Nexenta’s NexantaStor software runs on commodity servers, turning them into multiprotocol storage systems. Nexenta CEO Evan Powell said Nexanta software was sold in $300 million of its partners’ hardware deals last year. The startup has more than 250 resellers. The largest is Dell, which uses Nexanta software in the Compellent zNAS product.
Powell said 50% of Nexenta’s sales are already international, and the vendor only has one person working outside of the U.S – in Beijing. He plans to add staff in China and open offices in Japan and the Netherlands and probably other countries.
On the product front, the vendor is preparing to launch NexentaVDI, a virtual appliance that integrates with VMware View. NexentaVDI lets customers quickly provision storage for virtual desktops, and helps optimize performance by allowing thresholds for IOPS per desktop.
Nexenta previewed the VDI software during VMware World Europe in Copenhagen last October. NexentaVDI is in beta, and Powell said he expects to launch around April.
Powell said another change coming is that he expects Nexenta software running on more solid-state device (SSD) storage systems this year. NexentaStor has been optimized to run on SSDs, but the hardware will continue to come from partners.
“As a software company, we can remove the pernicious vendor lock-in on storage,” Powell said. “Storage is one of the last bastions of lock-in business models. Customers want to know how much they’re going to pay for storage in the future, and there’s a pent-up demand to get back at storage vendors who have exploited their customers for 10 or 20 years. We publish our prices and we don’t lock you in [to hardware]. But users like to buy arrays, they want to buy a box, plug it in, see the lights blink, and they have storage. So we reach out to vendors who sell arrays.”
Nexenta could lose its biggest array partner, however. Dell has made it clear that it is integrating clustered NAS technology it acquired from Exanet into Compellent SAN arrays to make them multiprotocol systems. After that, will Dell need Nexenta?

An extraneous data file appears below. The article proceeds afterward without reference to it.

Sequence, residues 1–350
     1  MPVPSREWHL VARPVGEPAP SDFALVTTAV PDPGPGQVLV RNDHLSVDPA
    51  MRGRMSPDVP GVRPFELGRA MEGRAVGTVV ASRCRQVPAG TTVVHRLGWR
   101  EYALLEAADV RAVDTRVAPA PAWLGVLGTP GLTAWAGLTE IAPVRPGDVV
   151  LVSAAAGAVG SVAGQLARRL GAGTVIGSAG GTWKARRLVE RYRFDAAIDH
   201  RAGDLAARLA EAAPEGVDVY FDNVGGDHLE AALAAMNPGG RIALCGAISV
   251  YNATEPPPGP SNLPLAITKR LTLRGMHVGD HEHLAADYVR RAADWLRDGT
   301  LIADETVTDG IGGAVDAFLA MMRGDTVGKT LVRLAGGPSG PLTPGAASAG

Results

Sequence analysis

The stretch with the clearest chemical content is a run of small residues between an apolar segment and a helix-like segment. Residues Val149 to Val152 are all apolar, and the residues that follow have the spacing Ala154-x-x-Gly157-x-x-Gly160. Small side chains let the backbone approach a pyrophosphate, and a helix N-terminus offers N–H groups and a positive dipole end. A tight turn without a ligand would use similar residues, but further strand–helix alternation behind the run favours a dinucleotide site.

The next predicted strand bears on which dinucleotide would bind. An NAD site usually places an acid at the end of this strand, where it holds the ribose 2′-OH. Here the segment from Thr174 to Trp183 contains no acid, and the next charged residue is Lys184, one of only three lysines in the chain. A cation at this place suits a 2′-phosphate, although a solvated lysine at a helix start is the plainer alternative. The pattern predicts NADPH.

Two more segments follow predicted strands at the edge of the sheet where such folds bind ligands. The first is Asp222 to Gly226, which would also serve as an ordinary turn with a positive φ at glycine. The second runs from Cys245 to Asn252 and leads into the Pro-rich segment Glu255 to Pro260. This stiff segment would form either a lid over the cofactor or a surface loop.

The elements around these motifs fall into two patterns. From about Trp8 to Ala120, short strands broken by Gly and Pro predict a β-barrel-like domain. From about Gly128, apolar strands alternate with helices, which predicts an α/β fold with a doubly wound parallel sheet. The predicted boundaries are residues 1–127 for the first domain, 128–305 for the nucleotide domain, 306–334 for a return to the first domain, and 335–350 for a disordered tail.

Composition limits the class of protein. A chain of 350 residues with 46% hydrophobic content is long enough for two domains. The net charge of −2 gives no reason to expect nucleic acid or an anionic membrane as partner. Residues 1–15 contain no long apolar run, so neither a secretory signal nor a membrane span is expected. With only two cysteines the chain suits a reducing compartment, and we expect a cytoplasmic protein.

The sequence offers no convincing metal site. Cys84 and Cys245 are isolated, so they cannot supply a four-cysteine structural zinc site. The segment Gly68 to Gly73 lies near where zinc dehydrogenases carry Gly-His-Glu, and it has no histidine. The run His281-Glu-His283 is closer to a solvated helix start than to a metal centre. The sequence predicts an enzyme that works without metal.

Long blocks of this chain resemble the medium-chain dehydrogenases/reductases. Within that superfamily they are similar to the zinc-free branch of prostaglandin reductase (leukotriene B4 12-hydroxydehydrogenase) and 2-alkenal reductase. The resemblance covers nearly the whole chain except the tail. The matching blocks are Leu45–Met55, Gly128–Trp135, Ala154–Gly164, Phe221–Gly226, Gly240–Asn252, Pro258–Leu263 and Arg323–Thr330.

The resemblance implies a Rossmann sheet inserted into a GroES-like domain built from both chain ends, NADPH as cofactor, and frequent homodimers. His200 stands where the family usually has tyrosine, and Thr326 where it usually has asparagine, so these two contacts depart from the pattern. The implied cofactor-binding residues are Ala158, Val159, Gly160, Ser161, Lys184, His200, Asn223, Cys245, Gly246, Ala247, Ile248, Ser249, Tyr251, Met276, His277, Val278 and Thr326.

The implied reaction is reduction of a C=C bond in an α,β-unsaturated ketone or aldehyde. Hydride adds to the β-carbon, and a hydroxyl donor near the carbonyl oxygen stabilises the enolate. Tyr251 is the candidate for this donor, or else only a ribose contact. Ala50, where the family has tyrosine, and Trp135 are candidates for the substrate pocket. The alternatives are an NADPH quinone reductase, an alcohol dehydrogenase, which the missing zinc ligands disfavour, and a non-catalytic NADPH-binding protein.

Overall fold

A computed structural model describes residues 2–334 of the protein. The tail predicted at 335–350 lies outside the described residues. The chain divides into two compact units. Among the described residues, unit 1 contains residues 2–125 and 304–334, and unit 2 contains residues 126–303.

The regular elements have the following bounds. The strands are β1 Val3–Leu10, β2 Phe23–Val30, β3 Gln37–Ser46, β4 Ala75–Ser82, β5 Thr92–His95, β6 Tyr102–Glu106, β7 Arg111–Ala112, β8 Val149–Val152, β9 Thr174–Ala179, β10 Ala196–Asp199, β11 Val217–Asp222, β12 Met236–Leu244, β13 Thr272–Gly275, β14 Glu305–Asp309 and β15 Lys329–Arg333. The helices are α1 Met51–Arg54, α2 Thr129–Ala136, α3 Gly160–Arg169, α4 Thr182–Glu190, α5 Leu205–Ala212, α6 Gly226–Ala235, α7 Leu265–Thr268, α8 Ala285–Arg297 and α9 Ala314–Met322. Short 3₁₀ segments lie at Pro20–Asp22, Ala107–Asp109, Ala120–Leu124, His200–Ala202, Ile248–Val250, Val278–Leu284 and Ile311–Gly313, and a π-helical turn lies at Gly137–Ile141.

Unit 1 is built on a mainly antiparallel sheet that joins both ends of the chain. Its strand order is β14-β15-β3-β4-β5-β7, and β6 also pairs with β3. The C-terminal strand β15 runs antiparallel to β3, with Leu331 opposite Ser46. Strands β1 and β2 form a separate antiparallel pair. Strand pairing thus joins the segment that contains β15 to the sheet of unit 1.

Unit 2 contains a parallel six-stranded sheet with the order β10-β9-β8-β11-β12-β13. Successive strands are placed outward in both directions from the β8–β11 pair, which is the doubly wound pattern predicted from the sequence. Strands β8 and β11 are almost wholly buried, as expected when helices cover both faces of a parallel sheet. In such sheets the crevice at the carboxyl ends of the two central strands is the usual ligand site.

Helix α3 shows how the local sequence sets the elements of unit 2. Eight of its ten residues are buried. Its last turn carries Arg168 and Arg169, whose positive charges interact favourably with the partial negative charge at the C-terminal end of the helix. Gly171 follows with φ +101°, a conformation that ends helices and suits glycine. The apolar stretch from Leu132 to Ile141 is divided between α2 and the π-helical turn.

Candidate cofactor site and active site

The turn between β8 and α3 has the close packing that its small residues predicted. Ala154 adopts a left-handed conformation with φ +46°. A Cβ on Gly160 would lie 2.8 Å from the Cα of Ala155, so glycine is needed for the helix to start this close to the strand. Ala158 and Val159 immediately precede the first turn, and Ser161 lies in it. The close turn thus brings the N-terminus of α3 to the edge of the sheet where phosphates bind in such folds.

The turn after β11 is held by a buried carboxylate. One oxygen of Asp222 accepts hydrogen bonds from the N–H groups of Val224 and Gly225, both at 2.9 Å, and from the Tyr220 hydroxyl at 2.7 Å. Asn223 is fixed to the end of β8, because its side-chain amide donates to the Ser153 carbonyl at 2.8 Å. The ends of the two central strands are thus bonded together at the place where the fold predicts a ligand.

Powell is hoping that Dell will continue offering zNAS as an option for Compellent. He said one prospective customer is looking at a multi-petabyte deployment including zNAS. “I believe there’s room for both proprietary scale-out NAS with Exanet and zNAS with NexentaStor,” Powell said.
We’ll have to wait to see if Dell agrees.]]>
VDI deployments depend heavily on the intelligent usage of storage and on high-capability storage systems. The typical VDI project begins with a pilot program using existing physical servers and existing storage systems. The next phase usually involves scaling the VDI deployment to a threshold of close to 30% of the desktops. It is during this phase where the storage issues become apparent. The success of the VDI project will hinge on acquiring the right high-capability storage system – usually as an emergency purchase. The final phase is to scale to more virtualized desktops if the emergency found in the 30% phase can be dealt with satisfactorily.
The features most important with the high-capability storage systems include:
• Intelligent caching and data placement,
• Tiering of data – usually with solid state devices,
• Thin provisioning,
• Wide striping, and
• Cascadable read/write snapshots
Evaluator Group provides a document that discusses the needs for a storage system with VDI.
Our advice to IT includes a method for avoiding the emergency purchase by proactively understanding whether a storage system will meet requirements for a VDI project. The most effective way is to use a benchmark for VDI that focuses specifically on storage issues, and can show the right configuration to support the number of virtual desktops in use and the response time required.
The IT team needs to understand the type of workloads on virtual desktops required from specific users — such as a knowledge worker (using office tools), developer or financial analyst — and have the ability to dial in the right type of workload into the VDI benchmark. Acquiring a storage system with the correct amount of I/O streams requires a benchmark that will give IT enough information and confidence during the planning for a VDI project to make an informed selection.
Stay tuned for more information from Evaluator Group on storage benchmarks for VDI environments.
(Randy Kerns is Senior Strategist at Evaluator Group, an IT analyst firm).]]>